John huffed out a breath and turned to look in the direction of what looked like a no-holds-barred brawl. He started wandering that way, saying, “Stands for ‘Three-Continents Watson’, what my mates called me. They shortened it to Three-cee at Dwyer.”
“Three continents. You’ve traveled to more than three continents, though.”
“God,” John muttered, looking down with another shake of his head. He was terribly embarrassed, but there was also a grin that spoke of something more complex. “I had a bit of a reputation. Always able to find... local company.”
“No!” John glared at Sherlock.
“It was a perfectly reasonable assumption,” Sherlock protested.
“I never — I never needed to pay for it,” John hissed under his breath. “That’s the point. The other blokes would, but... Well... God, Sherlock, will you stop staring and relax?” he muttered, looking away.
The grin wasn’t gone. It was buried deep, but not gone. Oh. Of course, he wouldn’t be proud of managing to hire prostitutes as any idiot could do. Besides, he’d never shown interest in that sort of thing in London, though he was friendly enough to the ones they occasionally had to question as witnesses or suspects.
“Oh. Male and female, I take it?” Sherlock asked. It was something of a peace offering, meant to avoid any show of temper that would attract unwanted attention.
Now the grin came out of hiding. “Yeah, well. Why limit the choices?” he asked more quietly. “Not really the Americans’ thing, but the UK laws changed in 2000.”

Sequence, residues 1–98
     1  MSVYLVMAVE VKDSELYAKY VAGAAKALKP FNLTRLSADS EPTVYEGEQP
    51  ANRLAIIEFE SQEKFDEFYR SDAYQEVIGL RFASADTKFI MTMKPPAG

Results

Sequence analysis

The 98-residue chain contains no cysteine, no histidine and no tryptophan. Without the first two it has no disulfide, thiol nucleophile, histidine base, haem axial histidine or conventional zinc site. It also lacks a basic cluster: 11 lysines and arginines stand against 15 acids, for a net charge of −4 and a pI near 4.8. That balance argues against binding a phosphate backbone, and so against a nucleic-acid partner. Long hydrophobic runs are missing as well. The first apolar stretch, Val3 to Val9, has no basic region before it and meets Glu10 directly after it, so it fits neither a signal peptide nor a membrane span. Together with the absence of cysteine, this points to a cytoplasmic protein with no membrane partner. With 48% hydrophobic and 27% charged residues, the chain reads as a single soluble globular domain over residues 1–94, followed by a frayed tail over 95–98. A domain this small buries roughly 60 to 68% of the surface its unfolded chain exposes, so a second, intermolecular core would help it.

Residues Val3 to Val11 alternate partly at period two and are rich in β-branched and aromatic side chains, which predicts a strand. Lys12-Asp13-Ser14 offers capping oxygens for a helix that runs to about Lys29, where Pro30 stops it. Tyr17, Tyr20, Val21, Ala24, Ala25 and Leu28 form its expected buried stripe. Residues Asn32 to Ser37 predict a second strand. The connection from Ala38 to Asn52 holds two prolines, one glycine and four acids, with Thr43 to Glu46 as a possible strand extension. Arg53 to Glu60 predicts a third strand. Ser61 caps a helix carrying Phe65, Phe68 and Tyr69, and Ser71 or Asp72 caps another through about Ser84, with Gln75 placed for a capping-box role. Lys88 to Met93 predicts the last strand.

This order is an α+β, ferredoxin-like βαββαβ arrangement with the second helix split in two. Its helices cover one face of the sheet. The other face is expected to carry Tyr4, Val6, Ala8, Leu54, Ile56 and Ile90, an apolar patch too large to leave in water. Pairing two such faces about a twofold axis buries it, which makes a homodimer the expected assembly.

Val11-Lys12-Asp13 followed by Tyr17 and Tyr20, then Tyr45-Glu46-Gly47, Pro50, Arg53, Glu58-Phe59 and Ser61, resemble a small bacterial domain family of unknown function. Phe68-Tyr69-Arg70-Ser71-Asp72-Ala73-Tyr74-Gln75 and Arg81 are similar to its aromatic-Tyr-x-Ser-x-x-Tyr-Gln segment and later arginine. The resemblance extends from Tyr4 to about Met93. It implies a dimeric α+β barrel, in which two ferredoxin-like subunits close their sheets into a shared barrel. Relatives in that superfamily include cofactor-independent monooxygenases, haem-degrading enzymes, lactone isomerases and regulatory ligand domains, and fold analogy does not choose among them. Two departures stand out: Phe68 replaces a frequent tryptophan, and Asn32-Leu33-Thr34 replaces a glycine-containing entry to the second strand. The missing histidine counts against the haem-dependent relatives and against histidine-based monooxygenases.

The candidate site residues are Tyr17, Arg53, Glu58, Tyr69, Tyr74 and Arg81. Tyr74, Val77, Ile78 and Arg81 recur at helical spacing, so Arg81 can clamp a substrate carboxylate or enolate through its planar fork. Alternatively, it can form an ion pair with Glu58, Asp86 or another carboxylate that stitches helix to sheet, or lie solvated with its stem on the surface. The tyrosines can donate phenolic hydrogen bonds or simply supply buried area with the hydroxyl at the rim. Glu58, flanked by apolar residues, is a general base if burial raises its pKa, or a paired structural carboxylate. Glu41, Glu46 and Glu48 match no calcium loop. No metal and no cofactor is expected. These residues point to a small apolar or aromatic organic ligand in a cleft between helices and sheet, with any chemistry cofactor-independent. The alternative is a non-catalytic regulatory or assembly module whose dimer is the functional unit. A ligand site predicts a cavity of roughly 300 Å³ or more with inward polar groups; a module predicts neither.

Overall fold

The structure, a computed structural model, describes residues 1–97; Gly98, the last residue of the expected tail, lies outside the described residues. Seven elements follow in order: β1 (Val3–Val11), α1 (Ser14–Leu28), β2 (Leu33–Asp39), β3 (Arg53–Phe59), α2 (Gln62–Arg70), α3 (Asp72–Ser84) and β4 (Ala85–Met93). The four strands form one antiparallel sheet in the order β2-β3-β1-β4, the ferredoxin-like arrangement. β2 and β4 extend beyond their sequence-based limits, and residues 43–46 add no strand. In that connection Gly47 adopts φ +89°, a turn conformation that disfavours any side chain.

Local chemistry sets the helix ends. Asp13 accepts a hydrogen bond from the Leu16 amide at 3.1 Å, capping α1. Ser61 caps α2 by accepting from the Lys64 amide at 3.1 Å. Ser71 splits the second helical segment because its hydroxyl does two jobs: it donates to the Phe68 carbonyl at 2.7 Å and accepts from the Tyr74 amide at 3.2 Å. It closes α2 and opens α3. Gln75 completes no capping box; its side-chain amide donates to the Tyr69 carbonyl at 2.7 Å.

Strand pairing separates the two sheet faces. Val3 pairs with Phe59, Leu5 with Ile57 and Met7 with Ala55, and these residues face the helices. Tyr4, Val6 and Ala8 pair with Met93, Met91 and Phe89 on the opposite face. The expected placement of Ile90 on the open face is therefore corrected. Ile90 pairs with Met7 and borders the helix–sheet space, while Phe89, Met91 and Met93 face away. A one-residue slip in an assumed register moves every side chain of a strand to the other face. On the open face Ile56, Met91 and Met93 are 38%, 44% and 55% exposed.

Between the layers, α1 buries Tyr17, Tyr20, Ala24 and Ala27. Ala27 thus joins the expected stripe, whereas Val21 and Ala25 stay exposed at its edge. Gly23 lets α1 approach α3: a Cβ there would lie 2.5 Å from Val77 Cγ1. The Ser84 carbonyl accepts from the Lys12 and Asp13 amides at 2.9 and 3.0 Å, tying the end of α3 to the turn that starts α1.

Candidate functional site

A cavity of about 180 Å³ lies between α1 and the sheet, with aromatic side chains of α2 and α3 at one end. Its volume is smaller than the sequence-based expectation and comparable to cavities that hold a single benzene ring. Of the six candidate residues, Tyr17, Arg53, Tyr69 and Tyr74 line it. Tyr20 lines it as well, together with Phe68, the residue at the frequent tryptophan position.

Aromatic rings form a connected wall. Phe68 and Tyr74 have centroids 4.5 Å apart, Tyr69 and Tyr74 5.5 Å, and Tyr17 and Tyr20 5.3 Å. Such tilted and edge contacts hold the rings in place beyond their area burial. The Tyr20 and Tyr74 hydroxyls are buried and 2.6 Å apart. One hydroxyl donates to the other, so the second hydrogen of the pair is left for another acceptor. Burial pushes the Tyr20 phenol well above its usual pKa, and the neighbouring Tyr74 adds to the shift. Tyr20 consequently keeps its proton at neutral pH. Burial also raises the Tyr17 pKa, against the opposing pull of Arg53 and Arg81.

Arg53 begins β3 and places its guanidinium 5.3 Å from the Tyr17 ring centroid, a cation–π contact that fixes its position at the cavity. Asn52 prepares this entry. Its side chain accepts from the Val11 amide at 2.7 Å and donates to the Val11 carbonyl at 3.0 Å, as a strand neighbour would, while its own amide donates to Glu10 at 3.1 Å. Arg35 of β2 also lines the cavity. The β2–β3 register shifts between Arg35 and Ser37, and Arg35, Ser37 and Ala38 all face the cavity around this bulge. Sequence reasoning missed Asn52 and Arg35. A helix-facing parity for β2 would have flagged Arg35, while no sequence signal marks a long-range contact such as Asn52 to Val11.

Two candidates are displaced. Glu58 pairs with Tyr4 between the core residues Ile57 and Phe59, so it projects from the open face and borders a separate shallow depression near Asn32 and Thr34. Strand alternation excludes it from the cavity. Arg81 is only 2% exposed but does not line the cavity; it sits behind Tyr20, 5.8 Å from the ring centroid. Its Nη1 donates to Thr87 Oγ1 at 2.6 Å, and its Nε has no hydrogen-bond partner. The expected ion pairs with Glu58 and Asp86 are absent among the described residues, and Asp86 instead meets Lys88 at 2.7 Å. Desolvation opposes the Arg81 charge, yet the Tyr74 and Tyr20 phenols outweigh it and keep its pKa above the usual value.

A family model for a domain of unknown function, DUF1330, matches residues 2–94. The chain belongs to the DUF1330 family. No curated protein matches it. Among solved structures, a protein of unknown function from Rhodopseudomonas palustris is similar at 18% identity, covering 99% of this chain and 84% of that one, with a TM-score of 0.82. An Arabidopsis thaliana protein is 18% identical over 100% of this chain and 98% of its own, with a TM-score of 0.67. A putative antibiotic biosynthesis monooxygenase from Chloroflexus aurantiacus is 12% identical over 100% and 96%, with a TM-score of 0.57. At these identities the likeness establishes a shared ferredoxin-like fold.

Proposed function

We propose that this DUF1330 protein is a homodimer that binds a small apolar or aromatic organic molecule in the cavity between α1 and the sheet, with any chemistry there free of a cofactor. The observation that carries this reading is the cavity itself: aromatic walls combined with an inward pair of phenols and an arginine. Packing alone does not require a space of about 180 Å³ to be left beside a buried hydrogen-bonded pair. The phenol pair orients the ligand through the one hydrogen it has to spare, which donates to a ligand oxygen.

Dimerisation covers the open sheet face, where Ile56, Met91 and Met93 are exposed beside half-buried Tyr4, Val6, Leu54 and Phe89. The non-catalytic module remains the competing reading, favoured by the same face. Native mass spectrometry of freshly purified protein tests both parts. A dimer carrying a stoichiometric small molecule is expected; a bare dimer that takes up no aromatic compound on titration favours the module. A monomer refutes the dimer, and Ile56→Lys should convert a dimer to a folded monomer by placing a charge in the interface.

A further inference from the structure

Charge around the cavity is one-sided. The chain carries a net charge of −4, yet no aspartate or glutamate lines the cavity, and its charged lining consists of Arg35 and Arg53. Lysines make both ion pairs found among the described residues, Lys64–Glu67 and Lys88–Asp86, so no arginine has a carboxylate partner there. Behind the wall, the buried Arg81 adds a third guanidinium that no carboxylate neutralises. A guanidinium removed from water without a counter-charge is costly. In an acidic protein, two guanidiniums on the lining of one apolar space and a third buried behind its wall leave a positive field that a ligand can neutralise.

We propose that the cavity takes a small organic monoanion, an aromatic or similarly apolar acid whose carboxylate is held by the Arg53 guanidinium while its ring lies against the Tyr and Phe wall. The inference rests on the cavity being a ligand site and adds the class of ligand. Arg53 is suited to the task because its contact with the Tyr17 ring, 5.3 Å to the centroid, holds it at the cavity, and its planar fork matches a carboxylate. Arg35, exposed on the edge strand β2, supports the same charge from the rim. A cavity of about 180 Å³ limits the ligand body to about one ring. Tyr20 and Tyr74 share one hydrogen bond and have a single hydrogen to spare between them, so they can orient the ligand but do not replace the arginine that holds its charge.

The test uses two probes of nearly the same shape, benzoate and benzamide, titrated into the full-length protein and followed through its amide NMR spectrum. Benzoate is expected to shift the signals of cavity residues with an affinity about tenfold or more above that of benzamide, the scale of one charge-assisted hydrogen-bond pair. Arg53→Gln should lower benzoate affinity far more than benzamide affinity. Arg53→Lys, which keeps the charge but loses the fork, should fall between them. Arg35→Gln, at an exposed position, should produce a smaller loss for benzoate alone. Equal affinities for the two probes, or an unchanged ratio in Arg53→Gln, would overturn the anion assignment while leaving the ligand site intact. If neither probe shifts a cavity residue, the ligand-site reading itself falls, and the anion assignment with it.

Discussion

“So how many, then? And who —”
“Sherlock,” John interrupted. “Ask me later, and I’ll tell you whatever you want to know. But not here, all right?”
Somewhat disappointed, Sherlock nodded, and went back to studying John in this new environment. It was fascinating how different he was here — more relaxed than he was anywhere, except perhaps their flat.
Perhaps accepting this invitation hadn’t been such a bad idea after all. It would have been problematic if Sherlock had been forced to sneak in so he could observe John at a distance, and he really didn’t want to go through the tedium of getting arrested again.
John hadn’t planned on drinking, but the first beer was practically medicinal, necessary to cut through the anxiety that clawed at him as he second- and third-guessed his idea to bring Sherlock with him. He refrained from a quick second and instead let himself get dragged into a game of football, hoping he remembered enough of the American rules to get on. Besides, this was one place where he didn’t have to be self-conscious about taking off his shirt and showing the scar that had ended his career.